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02-27-2006, 10:51 PM
  #16
Steelhead16
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Join Date: Jan 2005
Location: Boise, ID
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[QUOTE=technophile]On an odd-man break your job is to prevent a pass, period.

Techno is right, I should have added that but I didn't want to get long winded. If you can keep the pass from happening then the goalie knows who the shooter is and can handle him, just give him a clean look and don't let a last second pass go across the crease.
Defense is a lot about timing and feel. I think it's actually easier to play defense after you've been a forward for a while. The easiest way to prevent something from happening is to know what is going to happen. If you've been a wing or a center then you know what a wing and a center want to do and what they want their linemates to do. I would recommend that everyone play all positions if possible. Same holds true for a defenseman when his team is on offense. When you carry the puck around the net you know where the wing is supposed to be if you used to be the wing who was waiting in the right spot or the center who was circling out of the zone waiting for an outlet pass.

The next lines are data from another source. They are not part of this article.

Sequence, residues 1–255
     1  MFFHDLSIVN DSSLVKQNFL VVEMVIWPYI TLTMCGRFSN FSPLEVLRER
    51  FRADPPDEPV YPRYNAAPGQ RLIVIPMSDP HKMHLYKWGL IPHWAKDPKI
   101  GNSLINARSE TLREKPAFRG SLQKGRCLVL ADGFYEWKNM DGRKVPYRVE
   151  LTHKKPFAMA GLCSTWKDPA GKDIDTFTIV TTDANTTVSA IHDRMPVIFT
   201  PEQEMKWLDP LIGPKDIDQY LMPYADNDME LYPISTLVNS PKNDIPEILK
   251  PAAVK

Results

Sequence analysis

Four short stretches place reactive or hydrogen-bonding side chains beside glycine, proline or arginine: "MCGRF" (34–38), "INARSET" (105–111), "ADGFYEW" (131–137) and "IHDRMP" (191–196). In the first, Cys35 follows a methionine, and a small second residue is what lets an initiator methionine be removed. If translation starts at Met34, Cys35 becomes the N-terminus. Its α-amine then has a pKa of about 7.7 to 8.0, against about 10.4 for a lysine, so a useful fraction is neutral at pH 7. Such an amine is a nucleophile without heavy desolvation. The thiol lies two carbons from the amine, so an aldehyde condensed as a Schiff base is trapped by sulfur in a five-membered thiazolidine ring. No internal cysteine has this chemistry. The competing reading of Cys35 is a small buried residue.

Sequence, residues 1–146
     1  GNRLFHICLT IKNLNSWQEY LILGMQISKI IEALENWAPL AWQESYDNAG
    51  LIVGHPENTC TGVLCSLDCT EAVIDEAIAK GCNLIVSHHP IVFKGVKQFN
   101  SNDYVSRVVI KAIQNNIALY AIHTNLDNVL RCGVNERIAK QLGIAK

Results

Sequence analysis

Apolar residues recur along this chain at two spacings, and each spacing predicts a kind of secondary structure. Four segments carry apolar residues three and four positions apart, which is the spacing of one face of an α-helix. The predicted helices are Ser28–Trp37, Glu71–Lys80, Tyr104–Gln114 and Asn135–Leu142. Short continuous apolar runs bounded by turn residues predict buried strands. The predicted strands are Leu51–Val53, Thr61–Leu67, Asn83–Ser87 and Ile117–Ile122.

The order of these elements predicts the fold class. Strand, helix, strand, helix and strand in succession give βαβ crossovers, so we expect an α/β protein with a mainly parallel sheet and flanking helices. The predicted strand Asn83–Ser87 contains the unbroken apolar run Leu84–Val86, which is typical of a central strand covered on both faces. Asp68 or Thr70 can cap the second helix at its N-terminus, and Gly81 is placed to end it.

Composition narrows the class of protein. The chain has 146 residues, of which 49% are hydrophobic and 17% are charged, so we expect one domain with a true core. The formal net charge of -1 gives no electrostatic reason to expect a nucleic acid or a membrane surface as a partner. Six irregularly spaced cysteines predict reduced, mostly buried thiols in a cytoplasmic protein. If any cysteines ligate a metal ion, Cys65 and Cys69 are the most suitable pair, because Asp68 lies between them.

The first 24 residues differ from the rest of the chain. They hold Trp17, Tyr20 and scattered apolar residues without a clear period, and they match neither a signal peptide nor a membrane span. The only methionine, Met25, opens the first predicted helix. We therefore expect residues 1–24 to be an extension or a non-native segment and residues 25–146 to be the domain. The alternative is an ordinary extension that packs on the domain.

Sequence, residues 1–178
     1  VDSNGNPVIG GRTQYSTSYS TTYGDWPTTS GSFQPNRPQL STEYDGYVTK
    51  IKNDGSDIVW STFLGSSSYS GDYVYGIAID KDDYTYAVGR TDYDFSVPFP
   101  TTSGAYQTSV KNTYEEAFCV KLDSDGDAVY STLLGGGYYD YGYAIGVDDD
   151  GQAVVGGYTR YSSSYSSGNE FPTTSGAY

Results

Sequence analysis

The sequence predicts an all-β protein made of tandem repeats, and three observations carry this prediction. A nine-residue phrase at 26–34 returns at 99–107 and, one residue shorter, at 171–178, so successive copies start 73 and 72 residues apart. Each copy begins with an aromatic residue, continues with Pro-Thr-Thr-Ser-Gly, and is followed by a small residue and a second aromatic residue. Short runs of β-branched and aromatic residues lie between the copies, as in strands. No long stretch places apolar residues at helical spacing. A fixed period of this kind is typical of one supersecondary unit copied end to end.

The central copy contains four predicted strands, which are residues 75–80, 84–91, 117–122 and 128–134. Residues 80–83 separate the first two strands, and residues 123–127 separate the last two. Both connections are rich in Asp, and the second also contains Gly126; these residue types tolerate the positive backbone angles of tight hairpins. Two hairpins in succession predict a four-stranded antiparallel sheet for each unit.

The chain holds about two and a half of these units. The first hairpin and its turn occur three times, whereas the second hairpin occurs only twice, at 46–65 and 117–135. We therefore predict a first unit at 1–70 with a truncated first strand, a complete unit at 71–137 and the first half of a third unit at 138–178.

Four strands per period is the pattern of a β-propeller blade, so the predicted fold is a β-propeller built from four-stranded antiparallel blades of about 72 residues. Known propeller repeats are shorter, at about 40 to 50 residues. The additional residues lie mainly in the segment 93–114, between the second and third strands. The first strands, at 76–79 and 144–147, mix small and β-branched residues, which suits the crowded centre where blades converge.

Like I said in my previous post, use your bench time to learn. If you are on a team with 3 lines then 2/3 of your game is spent on the bench. Use that time wisely and learn. Learn what you are supposed to do and learn what others are supposed to do. Hockey moves quickly, and the faster your brain can process all the information thrown at it the quicker you can make the moves that will make your game better. Take the guess work out of your game and KNOW what you want to do.

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